In the active site, the 5′-monophosphate of the cleaved product nt (-1) is coordinated by two Sm3+ ions and interacts via salt bridges with α4 Lys93 and Arg100 (Figures 3C and 3D). These basic residues are positioned to facilitate electrostatic rate acceleration of the phosphodiester hydrolysis, as seen in T5 Flap Endonuclease (Sengerova et al., 2010). The -1 base stacks with Tyr40, which is conserved in FENs but not in the superfamily. Hydrophobic contacts from Arg100, Lys132, and Val133 orient the -1 nt, but are base independent. The phosphate 3′ to the cleaved 5′-phosphate (-2 phosphate) is coordinated by the N-terminus (Gly2) (NT, Figures 1F and and3E).3E). Met1 is removed due to glycine at position 2 (Sherman et al., 1985). Gly2 is conserved in the eukaryotic 5′ nuclease superfamily (Figure 2), but a similar role may be played by an additional metal ion in phage members (Syson et al., 2008). The -3 phosphate forms a salt bridge with Arg192, also superfamily-conserved. Overall, downstream dsDNA of the enzyme-product complex adopts B-DNA helical parameters except for nt -2, which has a C3′-endo sugar pucker and distortions in backbone dihedral angles due to the sharp bend between nts -1 and -2.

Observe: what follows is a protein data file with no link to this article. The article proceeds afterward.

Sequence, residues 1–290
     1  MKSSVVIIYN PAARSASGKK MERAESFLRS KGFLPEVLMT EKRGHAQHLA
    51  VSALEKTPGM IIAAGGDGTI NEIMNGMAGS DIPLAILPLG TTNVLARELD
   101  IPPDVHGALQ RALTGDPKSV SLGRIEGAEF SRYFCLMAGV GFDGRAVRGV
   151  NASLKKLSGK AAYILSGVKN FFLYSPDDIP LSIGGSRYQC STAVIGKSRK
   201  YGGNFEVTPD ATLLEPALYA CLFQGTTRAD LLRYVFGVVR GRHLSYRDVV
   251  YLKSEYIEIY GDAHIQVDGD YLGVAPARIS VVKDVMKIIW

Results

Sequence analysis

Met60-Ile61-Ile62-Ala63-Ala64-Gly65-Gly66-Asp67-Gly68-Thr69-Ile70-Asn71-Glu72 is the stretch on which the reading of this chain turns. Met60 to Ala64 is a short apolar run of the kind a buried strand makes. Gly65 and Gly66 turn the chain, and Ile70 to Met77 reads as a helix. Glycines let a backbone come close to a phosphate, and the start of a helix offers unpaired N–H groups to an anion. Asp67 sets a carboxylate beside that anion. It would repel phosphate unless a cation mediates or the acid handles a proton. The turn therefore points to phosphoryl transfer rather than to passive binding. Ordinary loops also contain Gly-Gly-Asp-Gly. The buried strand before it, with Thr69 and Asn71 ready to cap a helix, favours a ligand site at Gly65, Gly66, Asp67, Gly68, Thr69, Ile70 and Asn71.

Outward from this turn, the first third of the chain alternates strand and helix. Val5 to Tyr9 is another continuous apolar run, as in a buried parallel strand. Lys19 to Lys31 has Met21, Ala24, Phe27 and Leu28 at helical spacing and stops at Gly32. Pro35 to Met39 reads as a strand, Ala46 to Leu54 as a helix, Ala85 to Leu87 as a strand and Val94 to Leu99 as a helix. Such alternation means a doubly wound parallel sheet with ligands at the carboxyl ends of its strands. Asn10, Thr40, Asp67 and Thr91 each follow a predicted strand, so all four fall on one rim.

The two Sm3+ ions (Sm1 and Sm2) occupy Mg2+ ion sites seen in the FEN1 DNA-free structure (Sakurai et al., 2005). Sm1 is coordinated by Asp86, Glu160, and two oxygens of the cleaved 5′-monophosphate (Figure 3F). Sm2 is coordinated by Glu160, Asp179, Asp181 and one phosphate oxygen. Asp34, Glu158, and Asp233 interact with Sm3+ via waters (Figure S2). Seven conserved active site carboxylates are characteristic of the FEN superfamily (Figure 2).